The sound is warm, natural and expressive – without slipping into boombox territory – and the design is sleek. Buttons are kept to a bare minimum: power, volume and Bluetooth pairing (it remembers the last eight devices paired, making it a welcome guests at playlist parties).

The one area where this speaker doesn't quite hit the mark is the bass, which could be tighter. That said, this impressive, picnic-friendly speaker is plenty loud enough for a bedside table or a dinner party.

Read the full review: Bose SoundLink Mini II

Best Bose speakers 2021

(Image credit: Bose)

4. Bose SoundTouch 30 series III

The most powerful SoundTouch multi-room speaker.

Specifications
Wireless: Bluetooth, Wi-Fi
Battery life: Mains power only
Connections: 3.5mm aux input
Dimensions (HWD): 24.6 x 43.5 x 18cm
Weight: 8.4kg
Reasons to buy
+Powerful, spacious presentation+Good sense of timing+Decent low-end authority
Reasons to avoid
-Coarse treble -Hardness at high volume-Control app is slight disappointment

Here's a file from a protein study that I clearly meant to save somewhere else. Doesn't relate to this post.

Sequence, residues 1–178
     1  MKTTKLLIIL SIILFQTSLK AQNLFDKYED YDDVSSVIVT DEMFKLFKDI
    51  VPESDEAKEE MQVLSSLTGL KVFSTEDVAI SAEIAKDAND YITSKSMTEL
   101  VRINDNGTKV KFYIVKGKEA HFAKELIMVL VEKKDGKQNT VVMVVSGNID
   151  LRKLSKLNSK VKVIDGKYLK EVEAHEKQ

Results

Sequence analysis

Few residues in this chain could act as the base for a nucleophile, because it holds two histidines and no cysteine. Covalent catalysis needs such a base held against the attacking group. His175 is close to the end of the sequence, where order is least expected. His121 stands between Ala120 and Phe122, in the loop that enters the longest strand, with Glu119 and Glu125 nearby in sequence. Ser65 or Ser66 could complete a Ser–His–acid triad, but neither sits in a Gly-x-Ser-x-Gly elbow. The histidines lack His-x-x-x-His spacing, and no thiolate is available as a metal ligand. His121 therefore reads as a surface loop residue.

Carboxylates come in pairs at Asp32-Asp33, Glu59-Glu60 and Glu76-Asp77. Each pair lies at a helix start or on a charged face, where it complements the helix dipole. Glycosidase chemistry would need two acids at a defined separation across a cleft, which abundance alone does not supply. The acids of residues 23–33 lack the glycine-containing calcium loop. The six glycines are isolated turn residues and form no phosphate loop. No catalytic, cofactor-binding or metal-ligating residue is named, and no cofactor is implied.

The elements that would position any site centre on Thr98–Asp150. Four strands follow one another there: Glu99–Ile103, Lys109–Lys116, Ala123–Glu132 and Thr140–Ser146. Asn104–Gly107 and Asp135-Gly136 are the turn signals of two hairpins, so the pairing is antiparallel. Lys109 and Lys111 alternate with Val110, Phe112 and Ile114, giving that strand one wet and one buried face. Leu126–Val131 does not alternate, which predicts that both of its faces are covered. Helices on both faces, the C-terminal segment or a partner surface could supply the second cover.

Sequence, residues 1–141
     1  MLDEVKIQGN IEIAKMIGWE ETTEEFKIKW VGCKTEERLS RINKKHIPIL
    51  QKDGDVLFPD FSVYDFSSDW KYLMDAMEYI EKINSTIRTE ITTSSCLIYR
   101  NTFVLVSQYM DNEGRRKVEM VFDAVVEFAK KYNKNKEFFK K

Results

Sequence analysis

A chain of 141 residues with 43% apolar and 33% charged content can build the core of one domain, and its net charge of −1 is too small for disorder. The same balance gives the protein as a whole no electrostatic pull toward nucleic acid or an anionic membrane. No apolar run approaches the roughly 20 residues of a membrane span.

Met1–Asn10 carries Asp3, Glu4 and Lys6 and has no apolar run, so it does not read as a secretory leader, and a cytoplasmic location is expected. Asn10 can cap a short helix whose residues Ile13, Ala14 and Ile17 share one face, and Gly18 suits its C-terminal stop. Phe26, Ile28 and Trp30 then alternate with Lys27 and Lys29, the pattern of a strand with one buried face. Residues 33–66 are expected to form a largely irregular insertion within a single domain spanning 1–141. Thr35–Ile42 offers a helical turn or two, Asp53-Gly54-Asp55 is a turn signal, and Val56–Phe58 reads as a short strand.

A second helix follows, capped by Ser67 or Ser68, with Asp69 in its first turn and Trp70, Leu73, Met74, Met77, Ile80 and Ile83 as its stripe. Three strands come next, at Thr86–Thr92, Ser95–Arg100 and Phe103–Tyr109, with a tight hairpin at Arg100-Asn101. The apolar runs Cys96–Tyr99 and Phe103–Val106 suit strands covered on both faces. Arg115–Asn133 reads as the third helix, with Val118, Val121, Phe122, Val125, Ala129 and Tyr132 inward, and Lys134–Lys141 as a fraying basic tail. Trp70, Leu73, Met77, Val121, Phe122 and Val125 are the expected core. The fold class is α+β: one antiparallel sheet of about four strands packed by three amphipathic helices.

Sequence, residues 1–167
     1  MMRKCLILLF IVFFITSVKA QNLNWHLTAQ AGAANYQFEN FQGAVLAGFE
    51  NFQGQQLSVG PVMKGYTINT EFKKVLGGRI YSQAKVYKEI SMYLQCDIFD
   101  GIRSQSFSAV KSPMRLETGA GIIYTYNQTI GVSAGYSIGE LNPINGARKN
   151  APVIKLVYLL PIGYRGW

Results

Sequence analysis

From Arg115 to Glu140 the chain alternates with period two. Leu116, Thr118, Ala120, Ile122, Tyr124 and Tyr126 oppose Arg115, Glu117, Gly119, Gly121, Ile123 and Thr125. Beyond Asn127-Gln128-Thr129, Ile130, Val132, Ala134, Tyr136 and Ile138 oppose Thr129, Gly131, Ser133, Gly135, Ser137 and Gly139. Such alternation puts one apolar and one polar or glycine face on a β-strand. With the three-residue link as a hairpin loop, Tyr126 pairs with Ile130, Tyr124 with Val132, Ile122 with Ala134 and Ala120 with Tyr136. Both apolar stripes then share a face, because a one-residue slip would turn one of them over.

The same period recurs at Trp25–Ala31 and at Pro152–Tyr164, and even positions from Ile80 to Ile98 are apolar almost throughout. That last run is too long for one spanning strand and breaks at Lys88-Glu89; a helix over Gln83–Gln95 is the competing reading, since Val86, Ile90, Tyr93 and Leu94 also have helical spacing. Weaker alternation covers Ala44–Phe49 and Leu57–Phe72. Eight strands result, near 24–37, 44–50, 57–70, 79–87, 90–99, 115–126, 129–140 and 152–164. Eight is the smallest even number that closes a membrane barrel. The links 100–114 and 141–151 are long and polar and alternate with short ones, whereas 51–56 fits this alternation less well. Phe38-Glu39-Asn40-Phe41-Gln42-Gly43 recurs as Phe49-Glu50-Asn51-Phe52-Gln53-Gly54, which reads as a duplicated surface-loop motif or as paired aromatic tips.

The 'big daddy' of the SoundTouch speakers is undeniably chunky, but impresses with it's dynamic sonic ability. Bass is punchy and Bose's 'Waveguide' technology does a great job optimising the performance of the drivers, creating a big, room-filling sound. 

It's designed to be used as part of a Bose multi-room system, so pairing is simple and intuitive, and there's plenty of streaming support including Spotify Connect and Amazon Music. Bose has also added support for Amazon Alexa voice commands.

Compared to a Sonos system, you might find Bose's control app a bit fiddly but this is a well-equipped and accomplished wireless speaker. 

Read the full review: Bose SoundTouch 30 series III

Best Bose speakers 2021

(Image credit: Bose)

5. Bose SoundTouch 20 Series III

Solid, mid-sized multi-room speaker.

Specifications
Wireless: Bluetooth, Wi-Fi
Battery life: Mains power only
Connections: 3.5mm aux input
Dimensions (HWD): 18.8 x 31.5 x 10.4cm
Weight: 3.2kg
Reasons to buy
+Good detail and dynamics+Intuitive app+Multi-room potential+Impressive scale
Reasons to avoid
-No hi-res support-Needs more services-Overbearing bass